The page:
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Turkle, pt. 1


Sherry Turkle’s work on cell phones, particularly in Alone Together (2011), questioned social interaction and psychological development differently than the surveys PEW's surveys. Turkle’s ethnographic methods involved longer interviews that allowed her to understand more about our relationships with technologies than a short survey or questionnaire would be able to answer. She related these interview details through describing the feelings and thoughts of people and reflecting on their answers to her probing questions. Through these interviews, she was able to use people’s complex opinions as evidence to support her views on how the Web and its associated technologies affect our mental and psychological well-being, though her opinion on the value of being connected has changed—largely because of the growing ubiquity of cell phones.

people sitting with their phones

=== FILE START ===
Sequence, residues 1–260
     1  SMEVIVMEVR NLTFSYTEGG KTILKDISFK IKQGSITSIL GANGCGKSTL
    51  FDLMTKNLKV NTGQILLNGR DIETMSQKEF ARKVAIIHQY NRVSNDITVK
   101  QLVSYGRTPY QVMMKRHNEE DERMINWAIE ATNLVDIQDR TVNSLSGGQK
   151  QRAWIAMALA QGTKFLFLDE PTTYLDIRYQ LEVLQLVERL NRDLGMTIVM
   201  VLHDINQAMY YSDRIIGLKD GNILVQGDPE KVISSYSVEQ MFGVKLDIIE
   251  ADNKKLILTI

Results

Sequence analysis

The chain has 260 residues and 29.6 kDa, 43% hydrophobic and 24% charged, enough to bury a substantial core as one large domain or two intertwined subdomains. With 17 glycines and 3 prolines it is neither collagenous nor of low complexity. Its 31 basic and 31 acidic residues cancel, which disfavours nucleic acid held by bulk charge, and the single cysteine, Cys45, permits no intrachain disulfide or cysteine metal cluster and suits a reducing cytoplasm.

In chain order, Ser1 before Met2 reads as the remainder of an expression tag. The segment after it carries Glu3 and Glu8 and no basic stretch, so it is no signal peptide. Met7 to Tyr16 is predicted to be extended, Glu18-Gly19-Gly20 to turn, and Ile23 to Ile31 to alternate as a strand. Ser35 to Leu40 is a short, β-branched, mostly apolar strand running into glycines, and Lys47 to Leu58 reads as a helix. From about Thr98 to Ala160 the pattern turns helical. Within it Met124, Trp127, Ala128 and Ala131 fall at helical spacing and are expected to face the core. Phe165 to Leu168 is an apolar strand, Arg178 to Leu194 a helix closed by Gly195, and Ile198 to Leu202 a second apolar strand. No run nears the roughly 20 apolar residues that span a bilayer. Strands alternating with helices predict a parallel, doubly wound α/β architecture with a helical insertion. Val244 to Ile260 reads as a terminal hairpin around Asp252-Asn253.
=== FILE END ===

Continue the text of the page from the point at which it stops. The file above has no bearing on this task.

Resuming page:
In Life on the Screen: Identity in the Age of the Internet (1997), Turkle found reasons to be optimistic about online identity formation. Employing psychological theory from Kenneth Gergen and Robert Lifton, as well as postmodern critical theory from Daniel Dennett, Donna Haraway, and Katherine Hayles, Turkle argued that Web users could learn about the construction of identity through their own performance of multiple personas in online spaces. She used Robert Jay Lifton’s (1993) claims in The Protean Self: Human Resilience in an Age of Fragmentation to show that traditional views of the self as a unitary and contained structure “with stable symbols, institutions, and relationships” is no longer viable (Turkle, 1997, p. 258). In the late 1990s, when optimism about the Web was running high, Turkle (1997) was hopeful that the online exploration of identity could lead to greater acceptance of opinion and greater tolerance of others:

We don't have to reject life on the screen, but we don’t have to treat it as an alternative life either. We can use it as a space for growth. Having literally written our online personae into existence, we are in a position to be more aware of what we project into everyday life. (p. 263)

Her belief about the fragmentation of identity in online spaces was largely positive. Those who spend time online, living out their multiple identities, Turkle argued, respond to this fragmentation by embracing it. However, her opinion was soon to change.